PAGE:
Practical Software Measurement

Determining The Market Share of Popular Programming Languages

On Linked In, Peter Hill reports on current "programming languages of choice" in the ISBSG database:

"Java and C# .Net are now the languages of choice in the projects that the ISBSG receives. COBOL has slumped to 12% (it used to be 38%) and Visual Basic has dropped back to 5% after peaking at 15%."

I thought it might be interesting to find out how the "market share" for popular programming languages has changed over time. The first task was to stratify Business projects from the QSM database into 5 bins using the year the systems were put into production. Only medium and high confidence projects with language data were used. Sample sizes ranged from about 600-1200 projects with most year bins containing around 1000 projects.

For each year bin, I determined the "market share" (% of total projects in each bin) for various programming languages. Each bin spans 5 years (1985-1990, 1990-1995 and so on). 

The durability of COBOL surprised me a bit. The vast majority (>75%) of the COBOL projects put into production between 2005 and 2010 were major/minor enhancements of existing systems or maintenance releases, but despite their dwindling market share, COBOL systems appear to be the Energizer Bunnies of the software world - they just keep going, and going, and going....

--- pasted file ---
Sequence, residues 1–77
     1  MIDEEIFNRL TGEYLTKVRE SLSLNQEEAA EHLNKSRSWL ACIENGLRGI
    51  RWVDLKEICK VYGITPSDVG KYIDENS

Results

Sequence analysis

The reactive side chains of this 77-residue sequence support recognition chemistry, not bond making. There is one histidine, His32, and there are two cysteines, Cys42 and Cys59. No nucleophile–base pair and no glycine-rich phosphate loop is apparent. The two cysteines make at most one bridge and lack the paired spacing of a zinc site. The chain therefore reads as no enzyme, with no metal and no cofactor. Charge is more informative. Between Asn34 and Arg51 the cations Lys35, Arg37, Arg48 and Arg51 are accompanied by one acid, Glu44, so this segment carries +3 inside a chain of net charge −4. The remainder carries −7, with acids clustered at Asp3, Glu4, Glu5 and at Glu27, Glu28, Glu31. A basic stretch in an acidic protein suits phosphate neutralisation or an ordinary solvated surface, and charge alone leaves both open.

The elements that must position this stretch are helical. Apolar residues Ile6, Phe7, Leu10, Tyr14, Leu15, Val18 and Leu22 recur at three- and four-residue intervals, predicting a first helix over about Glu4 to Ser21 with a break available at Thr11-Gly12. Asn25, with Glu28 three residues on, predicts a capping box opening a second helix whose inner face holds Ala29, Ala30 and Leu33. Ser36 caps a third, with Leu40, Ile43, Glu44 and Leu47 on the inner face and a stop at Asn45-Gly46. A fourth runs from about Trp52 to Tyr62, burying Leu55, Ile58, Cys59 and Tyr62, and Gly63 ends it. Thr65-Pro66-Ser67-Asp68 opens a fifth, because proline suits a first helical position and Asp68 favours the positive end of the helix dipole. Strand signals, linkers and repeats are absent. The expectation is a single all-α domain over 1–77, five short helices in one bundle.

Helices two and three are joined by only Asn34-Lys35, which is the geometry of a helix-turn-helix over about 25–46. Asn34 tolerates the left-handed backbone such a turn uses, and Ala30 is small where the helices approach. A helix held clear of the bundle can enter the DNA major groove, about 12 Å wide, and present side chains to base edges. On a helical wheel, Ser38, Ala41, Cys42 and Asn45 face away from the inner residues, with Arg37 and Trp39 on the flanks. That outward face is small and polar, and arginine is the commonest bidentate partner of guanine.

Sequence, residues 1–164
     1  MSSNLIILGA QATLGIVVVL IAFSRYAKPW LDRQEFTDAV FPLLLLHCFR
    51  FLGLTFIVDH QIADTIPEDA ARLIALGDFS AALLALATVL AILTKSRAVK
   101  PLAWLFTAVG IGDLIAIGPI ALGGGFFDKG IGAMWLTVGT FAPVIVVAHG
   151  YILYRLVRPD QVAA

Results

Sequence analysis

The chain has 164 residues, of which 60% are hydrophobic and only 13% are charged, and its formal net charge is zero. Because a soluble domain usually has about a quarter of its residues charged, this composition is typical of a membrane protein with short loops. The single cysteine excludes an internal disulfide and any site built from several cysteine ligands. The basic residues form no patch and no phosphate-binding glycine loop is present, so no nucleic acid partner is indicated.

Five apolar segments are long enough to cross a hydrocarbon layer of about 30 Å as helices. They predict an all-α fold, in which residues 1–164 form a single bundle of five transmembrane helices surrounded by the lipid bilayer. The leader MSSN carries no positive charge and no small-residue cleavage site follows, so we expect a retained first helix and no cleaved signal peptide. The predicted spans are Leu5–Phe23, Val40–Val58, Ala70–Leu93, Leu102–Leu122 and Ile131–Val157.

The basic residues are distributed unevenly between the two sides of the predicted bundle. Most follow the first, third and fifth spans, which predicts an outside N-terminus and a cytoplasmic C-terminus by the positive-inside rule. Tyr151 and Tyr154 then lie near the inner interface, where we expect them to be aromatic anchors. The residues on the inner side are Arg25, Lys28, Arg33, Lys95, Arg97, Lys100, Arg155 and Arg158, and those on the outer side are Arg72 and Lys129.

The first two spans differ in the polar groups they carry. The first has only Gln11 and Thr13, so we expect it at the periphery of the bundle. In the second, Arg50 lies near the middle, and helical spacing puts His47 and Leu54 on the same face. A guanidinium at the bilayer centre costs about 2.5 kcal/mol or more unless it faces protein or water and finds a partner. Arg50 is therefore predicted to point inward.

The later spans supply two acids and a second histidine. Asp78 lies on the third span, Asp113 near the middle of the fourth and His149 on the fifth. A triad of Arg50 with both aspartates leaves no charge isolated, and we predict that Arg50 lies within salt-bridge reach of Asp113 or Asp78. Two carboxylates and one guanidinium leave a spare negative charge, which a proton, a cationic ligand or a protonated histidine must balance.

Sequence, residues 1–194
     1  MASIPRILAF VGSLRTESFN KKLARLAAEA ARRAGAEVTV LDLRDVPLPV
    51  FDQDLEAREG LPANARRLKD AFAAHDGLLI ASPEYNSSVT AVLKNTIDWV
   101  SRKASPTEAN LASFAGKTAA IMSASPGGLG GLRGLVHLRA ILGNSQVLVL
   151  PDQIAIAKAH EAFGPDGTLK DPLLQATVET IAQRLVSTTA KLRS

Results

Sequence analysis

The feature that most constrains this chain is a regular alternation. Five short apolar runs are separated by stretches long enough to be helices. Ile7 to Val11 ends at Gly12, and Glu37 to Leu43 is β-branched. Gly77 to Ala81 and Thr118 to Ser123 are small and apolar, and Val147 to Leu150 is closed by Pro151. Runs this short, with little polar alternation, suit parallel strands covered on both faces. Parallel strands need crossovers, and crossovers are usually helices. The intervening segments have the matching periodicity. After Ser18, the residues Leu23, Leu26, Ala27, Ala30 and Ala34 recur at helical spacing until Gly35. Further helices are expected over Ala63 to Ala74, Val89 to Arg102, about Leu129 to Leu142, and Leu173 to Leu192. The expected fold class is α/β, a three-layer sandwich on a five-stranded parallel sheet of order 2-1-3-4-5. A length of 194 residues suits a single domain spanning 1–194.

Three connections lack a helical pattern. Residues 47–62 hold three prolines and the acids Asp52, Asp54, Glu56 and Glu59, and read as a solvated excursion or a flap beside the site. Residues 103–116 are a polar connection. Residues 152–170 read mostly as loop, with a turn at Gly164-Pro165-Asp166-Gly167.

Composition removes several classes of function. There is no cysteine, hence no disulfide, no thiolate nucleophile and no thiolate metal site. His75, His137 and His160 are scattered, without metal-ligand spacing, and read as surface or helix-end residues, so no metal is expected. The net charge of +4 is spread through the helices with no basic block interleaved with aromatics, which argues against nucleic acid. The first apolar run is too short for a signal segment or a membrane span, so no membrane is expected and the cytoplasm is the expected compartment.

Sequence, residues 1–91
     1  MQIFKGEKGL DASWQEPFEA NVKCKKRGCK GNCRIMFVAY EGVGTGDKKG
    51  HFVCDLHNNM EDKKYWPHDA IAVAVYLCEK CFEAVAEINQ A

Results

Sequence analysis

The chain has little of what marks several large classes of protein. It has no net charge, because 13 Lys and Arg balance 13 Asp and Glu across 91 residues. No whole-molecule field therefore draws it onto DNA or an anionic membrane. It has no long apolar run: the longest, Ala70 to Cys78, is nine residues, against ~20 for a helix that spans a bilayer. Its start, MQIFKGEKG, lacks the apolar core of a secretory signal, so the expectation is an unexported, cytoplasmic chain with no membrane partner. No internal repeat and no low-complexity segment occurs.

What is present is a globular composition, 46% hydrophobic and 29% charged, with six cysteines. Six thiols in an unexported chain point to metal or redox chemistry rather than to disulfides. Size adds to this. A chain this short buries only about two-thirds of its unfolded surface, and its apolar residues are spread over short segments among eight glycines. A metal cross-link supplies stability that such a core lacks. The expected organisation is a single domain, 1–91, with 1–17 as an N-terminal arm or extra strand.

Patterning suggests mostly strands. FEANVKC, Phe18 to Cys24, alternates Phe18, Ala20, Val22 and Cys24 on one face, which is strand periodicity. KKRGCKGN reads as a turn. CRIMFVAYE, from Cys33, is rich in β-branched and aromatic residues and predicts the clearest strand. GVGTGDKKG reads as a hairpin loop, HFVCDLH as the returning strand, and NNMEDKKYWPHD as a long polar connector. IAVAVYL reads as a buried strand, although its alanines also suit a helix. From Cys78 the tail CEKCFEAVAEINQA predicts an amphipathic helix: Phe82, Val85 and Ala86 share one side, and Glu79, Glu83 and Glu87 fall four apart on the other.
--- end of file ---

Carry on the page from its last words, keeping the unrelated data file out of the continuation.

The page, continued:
Market Share for Various Programming Languages

As Peter noted with the ISBSG database, Visual Basic's market share appears to have peaked between 2000 and 2005. Java has a commanding lead, but systems developed using Microsoft's .NET framework debuted at a whopping 11% of systems put into production from 2005-2010.

Question: is Java the new COBOL? Is it here to stay, or will it be eclipsed by .NET?

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